Researchers at the Paul Scherrer Institute (PSI) created a synthetic material out of 1 billion tiny magnets. Astonishingly, it now appears that the magnetic properties of this so-called metamaterial change with the temperature, so that it can take on different states; just like water has a gaseous, liquid and a solid state. This material made of nanomagnets might well be refined for electronic applications of the future – such as for more efficient information transfer.
PSI researchers have created a magnetic metamaterial made of long nanomagnets, arranged in a flat, honeycomb pattern. The arrangement of magnetisation in the synthetic material assumed very different states at different temperatures – just like molecules in ice are more ordered than in water, and are in turn more ordered in water than in steam. (Image: PSI/Luca Anghinolfi)
A synthetic material – created from 1 billion nanomagnets – assumes different aggregate states depending on the temperature: the so-called metamaterial exhibits phase transitions, much like those between steam, water and ice. This effect was observed by a team of researchers headed by Laura Heyderman from PSI. “We were surprised and excited,” explains Heyderman. “Only complex systems are able to display phase transitions.” And as complex systems can provide new kinds of information transfer, the result of the new study also reveals that the PSI researchers’ metamaterial would be a potential candidate here.
The major advantage of the synthetic metamaterial is that it can be customised virtually freely. While the individual atoms in a natural material cannot be rearranged with pinpoint precision on such a grand scale, the researchers say that this is possible with the nanomagnets.
Honeycomb of nanomagnets
The magnets are only 63 nanometres long and shaped roughly like grains of rice. The researchers used a highly advanced technique to place 1 billion of these tiny grains on a flat substrate to form a large-scale honeycomb pattern. The nanomagnets covered a total area of five by five millimetres.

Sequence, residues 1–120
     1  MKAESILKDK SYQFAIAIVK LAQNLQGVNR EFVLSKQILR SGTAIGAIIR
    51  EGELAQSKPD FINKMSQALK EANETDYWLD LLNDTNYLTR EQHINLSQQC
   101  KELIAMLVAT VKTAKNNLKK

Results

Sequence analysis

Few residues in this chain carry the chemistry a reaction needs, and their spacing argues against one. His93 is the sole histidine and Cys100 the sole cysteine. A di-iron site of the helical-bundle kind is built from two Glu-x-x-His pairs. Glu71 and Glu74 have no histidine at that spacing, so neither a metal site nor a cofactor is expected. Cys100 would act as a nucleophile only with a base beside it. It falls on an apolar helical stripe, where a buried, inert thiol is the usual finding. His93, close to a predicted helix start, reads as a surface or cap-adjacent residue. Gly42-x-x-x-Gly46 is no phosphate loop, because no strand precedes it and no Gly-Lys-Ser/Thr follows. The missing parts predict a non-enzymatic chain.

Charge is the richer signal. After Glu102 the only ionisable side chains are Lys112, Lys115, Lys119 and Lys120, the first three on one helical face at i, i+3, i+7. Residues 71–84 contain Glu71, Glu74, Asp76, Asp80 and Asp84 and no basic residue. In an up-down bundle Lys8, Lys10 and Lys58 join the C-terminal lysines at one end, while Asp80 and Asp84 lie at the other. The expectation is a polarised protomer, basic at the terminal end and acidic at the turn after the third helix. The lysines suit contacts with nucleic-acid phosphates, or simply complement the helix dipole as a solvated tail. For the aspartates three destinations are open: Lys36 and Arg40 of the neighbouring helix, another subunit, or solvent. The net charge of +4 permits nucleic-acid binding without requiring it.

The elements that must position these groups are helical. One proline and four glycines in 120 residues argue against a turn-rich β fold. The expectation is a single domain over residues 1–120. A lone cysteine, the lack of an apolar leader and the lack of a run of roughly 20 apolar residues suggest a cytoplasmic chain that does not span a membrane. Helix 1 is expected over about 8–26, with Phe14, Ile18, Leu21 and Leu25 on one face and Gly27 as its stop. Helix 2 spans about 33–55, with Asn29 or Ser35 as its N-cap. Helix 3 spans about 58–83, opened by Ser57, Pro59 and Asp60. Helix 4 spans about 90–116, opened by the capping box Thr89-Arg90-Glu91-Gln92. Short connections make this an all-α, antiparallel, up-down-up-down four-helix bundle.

Thanks to a special measuring technique, the scientists initially studied the collective magnetic behaviour of their metamaterial at room temperature. Here there was no order in the magnetic orientation: the magnetic north and south poles pointed randomly in one direction or another.
When the researchers cooled the metamaterial gradually and constantly, however, they reached a point where a higher order appeared: the tiny magnets now noticed each other more than before. As the temperature fell further, there was another change towards an even higher order, in which the magnetic arrangement appeared almost frozen. The long-range order of water molecules increases in a similar way at the moment when water freezes into ice. “We were fascinated by the fact that our synthetic material displayed this everyday phenomenon of a phase transition,” says Heyderman.
Metamaterial can be customised
In the next step, the researchers might influence these magnetic phase transitions by altering the size, shape and arrangement of the nanomagnets. This enables the creation of new states of matter, which could also give rise to applications: “The beauty of it all: tailored phase transitions could enable metamaterials to be adapted specifically for different needs in future,” explains Heyderman.
Laura Heyderman, Scientist at PSI and ETH Zurich Professor, in conversation with Peter Derlet of the Condensed Matter Theory Group at PSI. (Image: PSI/Markus Fischer)
Besides its potential use in information transfer, the metamaterial might also prove useful in data storage or for sensors that measure magnetic fields. Very generally it could be used in spintronics, so in a promising future development in electronics for novel computer technology.
The measurements the researchers used to reveal the magnetic orientation of the nanomagnets, and therefore the properties of the metamaterial, can only be conducted exclusively at PSI. The equipment at the SμS, which is unique worldwide, supplies beams from exotic elementary particles called muons, which can be used to study nanomagnetic properties. The project took place in collaboration with a research group headed by Stephen Lee from the University of St Andrews, Scotland.
Text: Paul Scherrer Institut/Laura Hennemann .